GM Cruise Division's New $1B Investment Sets Valuation at Staggering $19B

GM claims Cruise will launch a self-driving car without manual controls this year, but has offered few details on how it plans to monetize the tech.

General Motors

General Motors' Cruise autonomous driving division has scored another big investment. According to Reuters, T. Rowe Price and a group of existing investors, including Honda and China's SoftBank, have put up $1.15 billion for Cruise—therefore valuing a company that's yet to commercialize a single product at $19 billion

The valuation is a big jump from the $14.6 billion Cruise was valued at during its last funding round in October 2018, when Honda invested $2.75 billion in the GM division. SoftBank, which is also a major investor in Uber, announced an investment of $2.25 billion in Cruise in May 2018. All of that cash is urgently needed, as Cruise is burning through money to develop and commercialize its autonomous-driving tech. It lost $728 million in 2018, a 19 percent increase over 2017's reported loss.

Yet even as GM cuts staff and facilities elsewhere, Cruise is expanding. Cruise is reportedly looking to double its staff and more than triple its office space in San Francisco. The division already has a steady supply of Chevrolet Bolt EV test cars, which are fitted with their autonomous-driving hardware on the assembly line. Those cars are currently being tested on public roads in California, Arizona, and Michigan.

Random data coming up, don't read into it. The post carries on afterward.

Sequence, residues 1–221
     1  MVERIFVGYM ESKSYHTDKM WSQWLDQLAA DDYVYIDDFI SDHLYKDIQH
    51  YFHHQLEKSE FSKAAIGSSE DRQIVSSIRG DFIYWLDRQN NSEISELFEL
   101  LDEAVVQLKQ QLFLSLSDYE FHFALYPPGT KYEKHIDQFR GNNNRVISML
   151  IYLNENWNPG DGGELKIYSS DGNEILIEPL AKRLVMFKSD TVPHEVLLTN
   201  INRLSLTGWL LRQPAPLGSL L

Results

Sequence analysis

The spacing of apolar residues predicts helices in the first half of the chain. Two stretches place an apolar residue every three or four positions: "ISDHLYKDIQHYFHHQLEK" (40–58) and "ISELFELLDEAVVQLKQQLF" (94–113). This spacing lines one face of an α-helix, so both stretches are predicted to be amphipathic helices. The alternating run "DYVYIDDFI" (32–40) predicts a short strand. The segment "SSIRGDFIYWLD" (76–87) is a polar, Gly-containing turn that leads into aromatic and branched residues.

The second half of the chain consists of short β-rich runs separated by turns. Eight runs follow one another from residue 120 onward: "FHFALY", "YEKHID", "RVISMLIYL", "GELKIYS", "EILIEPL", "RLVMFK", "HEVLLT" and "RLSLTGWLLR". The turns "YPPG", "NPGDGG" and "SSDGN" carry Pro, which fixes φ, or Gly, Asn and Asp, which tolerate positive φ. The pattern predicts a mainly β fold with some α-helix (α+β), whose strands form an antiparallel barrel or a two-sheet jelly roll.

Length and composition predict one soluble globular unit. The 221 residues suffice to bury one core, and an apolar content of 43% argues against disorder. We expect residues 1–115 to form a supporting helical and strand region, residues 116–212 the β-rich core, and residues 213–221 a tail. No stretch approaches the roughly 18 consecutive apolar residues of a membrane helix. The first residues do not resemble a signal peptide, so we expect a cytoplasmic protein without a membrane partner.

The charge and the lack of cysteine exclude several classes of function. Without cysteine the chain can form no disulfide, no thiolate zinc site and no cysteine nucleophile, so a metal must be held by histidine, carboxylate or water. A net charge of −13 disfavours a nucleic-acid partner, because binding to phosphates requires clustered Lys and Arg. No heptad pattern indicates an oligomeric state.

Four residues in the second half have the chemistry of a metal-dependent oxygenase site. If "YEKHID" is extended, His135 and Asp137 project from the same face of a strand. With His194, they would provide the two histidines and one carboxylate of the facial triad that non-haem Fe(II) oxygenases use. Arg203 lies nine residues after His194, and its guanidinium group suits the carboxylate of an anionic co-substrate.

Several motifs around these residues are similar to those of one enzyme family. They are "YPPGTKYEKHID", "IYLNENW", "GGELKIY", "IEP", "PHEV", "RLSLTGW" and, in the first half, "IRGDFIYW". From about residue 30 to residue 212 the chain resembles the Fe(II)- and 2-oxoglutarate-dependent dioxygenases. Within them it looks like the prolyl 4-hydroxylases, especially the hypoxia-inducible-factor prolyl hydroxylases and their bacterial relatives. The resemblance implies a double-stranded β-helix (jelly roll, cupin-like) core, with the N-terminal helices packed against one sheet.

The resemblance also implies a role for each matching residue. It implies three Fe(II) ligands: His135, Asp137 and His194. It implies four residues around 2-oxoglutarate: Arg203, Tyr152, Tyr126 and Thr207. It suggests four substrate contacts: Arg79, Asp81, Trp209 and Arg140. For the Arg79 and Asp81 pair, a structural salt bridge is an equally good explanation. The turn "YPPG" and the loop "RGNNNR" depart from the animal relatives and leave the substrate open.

Cruise's growth is driven by GM's need to keep up with other companies. Waymo is already operating a small-scale commercial ride-hailing service in Arizona, and plans to open a factory in Detroit that will churn out large numbers of test cars. Uber's self-driving car program was cut back after a fatal crash in March 2018, but is now getting significant investments from Toyota and Cruise investor SoftBank. Ford has said it will launch a production self-driving car for ride-hailing and food delivery services in 2021.

GM has said that Cruise will launch a self-driving car with no manual controls by the end of 2019, but has offered few details on how it plans to commercialize the technology. Aside from a partnership with DoorDash for a food-delivery pilot, Cruise hasn't tested commercial applications for autonomous cars on the scale that rivals have. Even if Cruise builds the best self-driving cars on the road, it will have to find a way to profit from them eventually.